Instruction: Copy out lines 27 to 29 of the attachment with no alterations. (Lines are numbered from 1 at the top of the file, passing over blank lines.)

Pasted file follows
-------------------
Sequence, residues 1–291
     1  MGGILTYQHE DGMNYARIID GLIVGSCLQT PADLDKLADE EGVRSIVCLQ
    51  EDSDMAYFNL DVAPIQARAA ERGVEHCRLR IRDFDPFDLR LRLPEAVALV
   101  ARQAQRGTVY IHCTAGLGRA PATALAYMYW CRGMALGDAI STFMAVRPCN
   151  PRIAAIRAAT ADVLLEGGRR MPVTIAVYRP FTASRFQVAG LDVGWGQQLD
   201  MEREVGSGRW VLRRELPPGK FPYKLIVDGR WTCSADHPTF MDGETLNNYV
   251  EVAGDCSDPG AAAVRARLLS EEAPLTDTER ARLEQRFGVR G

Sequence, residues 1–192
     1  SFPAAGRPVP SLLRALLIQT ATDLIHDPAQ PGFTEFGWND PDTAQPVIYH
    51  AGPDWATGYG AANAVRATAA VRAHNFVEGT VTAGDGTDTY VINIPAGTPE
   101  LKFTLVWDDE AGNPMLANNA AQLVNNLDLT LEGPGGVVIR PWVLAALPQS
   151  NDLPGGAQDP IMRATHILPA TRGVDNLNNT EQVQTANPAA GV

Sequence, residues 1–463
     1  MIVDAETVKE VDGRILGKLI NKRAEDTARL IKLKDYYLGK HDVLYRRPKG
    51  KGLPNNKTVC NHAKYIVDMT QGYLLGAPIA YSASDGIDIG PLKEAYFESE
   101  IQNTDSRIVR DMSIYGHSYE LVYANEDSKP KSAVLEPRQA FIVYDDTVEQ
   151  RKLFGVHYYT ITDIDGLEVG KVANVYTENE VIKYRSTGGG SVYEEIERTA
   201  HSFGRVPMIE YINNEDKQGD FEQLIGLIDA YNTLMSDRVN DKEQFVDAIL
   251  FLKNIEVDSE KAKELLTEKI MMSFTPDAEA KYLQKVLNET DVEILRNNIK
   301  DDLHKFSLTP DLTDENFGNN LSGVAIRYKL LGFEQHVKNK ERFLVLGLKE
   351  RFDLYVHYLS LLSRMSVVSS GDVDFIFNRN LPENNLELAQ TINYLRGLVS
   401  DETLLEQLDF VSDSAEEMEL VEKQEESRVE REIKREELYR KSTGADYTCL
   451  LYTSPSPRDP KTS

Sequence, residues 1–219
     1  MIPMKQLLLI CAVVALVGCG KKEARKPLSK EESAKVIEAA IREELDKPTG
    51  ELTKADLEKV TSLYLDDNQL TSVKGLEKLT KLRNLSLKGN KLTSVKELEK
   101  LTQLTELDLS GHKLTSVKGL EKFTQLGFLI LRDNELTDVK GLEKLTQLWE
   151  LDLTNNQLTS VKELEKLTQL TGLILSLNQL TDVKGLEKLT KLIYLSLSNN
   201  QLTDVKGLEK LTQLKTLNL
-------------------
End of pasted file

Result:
   101  LTQLTELDLS GHKLTSVKGL EKFTQLGFLI LRDNELTDVK GLEKLTQLWE
   151  LDLTNNQLTS VKELEKLTQL TGLILSLNQL TDVKGLEKLT KLIYLSLSNN
   201  QLTDVKGLEK LTQLKTLNL